It's all in the way you think about it. Debtors or victims? Creditors or usurers?
The ancient dance of debt and credit has changed partners and its moral compass through 4000 years of recorded history. Humanity has had an ambivalent relationship to debt since civilization began. The current battle between borrowers and lenders reveals the age-old struggle shows no sign of abating.
Of course this reasoning is so logical, as we all know how simple it is to declare bankruptcy. Just become a prisoner for the next 20 years of your consuming life and it's basically a walk in the park! (Perhaps he was thinking of Central Park at midnight.)
The normally fair-minded Marc Gunther who pens a column on sustainable business followed up the Times article with more borrower bashing in an article entitled simply, "American Deadbeats." Gunther wrote while he doesn't mind paying for his sunroom, he doesn't want to pay for yours too. In his blog, Gunther pontificates on the moral hazards of unemployment and defaulting on debt.
The housing meltdown is, needless to say, still with us today. It's the single biggest reason why millions of Americans are unemployed, people aren't spending and the economy remains choppy, at best. It's also a cause of what, at the risk of sounding like a fuddy-duddy, looks to me like an erosion of moral values, as many thousands of borrowers simply refuse to pay what they owe.
Never mind that being unemployed might lead to a tragic inability to pay ones debts, not by choice, but by no choice. Gunther notes the source of the economic crisis is the housing collapse, yet rather than sympathize with those whose incomes have evaporated and find themselves overwhelmed by debt because of it, he judges their state harshly as a willing abandonment of American "moral values."
Neither of these articles acknowledges the economic suffering going on in Middle America. People are struggling to stay in their homes, struggling to keep the lights on, struggling to find work, struggling to feed their families. They are literally struggling to keep themselves alive and not shoot themselves in the head due to long-term joblessness and continuing threat of homelessness.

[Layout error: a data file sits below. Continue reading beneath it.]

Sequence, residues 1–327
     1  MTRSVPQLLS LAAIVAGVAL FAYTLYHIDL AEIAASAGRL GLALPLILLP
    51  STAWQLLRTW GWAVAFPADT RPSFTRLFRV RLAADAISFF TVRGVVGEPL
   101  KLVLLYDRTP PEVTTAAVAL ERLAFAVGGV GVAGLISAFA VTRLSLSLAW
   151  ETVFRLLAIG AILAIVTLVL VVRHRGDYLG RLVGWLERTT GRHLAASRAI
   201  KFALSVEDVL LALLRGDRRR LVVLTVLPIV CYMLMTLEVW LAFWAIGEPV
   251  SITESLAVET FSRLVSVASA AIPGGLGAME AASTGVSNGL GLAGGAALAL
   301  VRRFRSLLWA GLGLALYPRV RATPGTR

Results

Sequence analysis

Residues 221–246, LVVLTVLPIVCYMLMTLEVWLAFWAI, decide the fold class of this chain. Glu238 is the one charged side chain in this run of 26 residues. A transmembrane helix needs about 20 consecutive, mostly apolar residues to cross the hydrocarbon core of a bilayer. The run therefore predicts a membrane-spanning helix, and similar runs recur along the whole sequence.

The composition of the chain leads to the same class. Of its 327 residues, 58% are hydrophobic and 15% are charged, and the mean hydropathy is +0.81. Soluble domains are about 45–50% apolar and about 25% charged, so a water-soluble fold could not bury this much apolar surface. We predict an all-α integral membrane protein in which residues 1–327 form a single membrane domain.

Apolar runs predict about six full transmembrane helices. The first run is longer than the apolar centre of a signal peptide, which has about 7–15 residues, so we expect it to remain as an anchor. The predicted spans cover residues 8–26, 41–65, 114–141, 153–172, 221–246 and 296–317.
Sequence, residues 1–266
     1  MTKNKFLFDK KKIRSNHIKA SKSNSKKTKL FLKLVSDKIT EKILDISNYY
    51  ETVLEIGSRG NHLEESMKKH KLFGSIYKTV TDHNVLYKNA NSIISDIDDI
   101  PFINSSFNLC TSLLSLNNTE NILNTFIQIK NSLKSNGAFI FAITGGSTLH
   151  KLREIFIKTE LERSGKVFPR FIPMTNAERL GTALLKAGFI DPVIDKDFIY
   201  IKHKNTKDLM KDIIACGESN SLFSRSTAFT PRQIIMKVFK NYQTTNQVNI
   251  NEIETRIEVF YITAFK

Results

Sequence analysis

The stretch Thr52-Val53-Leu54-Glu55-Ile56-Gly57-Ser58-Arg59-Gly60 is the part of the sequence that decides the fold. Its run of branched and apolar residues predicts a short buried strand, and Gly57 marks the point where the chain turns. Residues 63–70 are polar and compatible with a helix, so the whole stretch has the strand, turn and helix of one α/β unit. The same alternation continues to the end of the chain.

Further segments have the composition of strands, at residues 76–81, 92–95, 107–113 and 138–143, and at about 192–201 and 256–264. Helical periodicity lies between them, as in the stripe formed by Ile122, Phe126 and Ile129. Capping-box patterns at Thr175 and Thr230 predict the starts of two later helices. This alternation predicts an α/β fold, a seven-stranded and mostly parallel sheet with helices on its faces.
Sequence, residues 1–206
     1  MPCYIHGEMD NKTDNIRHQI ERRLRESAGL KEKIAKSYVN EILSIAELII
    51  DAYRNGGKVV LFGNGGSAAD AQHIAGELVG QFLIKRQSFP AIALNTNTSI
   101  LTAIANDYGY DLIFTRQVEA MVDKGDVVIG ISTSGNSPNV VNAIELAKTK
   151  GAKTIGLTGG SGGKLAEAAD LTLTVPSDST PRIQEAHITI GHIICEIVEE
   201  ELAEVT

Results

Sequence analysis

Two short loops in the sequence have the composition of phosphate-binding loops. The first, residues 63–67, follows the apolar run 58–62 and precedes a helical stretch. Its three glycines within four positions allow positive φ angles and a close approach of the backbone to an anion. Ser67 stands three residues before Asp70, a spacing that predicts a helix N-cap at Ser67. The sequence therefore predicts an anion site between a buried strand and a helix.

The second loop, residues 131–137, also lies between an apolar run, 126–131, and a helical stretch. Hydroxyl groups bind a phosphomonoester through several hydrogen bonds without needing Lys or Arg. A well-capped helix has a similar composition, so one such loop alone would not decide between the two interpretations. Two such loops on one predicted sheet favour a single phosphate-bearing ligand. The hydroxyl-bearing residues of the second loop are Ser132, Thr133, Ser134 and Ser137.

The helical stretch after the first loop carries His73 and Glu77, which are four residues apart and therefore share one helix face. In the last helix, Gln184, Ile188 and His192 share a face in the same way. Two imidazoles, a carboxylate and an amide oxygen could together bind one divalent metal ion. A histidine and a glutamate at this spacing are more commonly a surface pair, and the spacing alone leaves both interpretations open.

How did they miss that? Is the New York Times so cushy a job that the economic despair of the nation can go unnoticed?
Sure let's make the victims of the housing collapse--the underwater, unemployed, overextended-- the source of the problem. Why not, victimize the victim? Isn't that a brilliant tool of defense used by many abusers? Doesn't a rapist say of his victim, she wanted it? Essentially that is what these folks are saying. Debtors are walking away from their homes, because they want to go bankrupt? Excuse me, but what ordinary person (not corporation) wants to go bankrupt? I don't know any.
In the NYT article, Streitfeld portrays borrowers unable to repay debts as "unwilling" to pay. He uses quotes from a Phoenix attorney Christopher A. Combs who teaches classes on foreclosure and claims, "Mom and pop making $80,000 a year were taking out $300,000 home equity loans for new cars and boats."
Firstly, any lender who was reckless enough to issue a loan at 4 times a person's income was knowingly spinning a roulette wheel. Chances are the "lender" sold the unstable loan to Wall Street underwriters for a fast and fat premium. Wall Street sold it back to mom and pop pension funds for an even fatter premium. No one held the loan for a more than a few weeks. Now who do we feel sorry for?
A little due diligence on Times "expert" Combs, reveals he is part of "CAI," a group of Arizona bottom-feeder lawyer lobbyists making big bucks from foreclosures. Mr. Combs claims that settling debts for less than the full amount of the loan "rewards immorality." I guess he would know.
Streitfeld's second "expert source" is a collection agent who makes his living squeezing pennies out of down and out debtors. A vulture capitalist who pays $500 for $20,000 loans from lenders, any amount Clark Terry extracts from the misery of others is worth his time. Never mind that the borrower and he never willingly entered into a contractual agreement. Parasite Clark somehow feels righteous enough to preach to the fallen. As he pounds the nation's struggling unemployed and foreclosed with thousands of legal threats and phone calls a day, Clark opines, "Americans seem to believe that anything they can get away with is O.K." Yes indeed.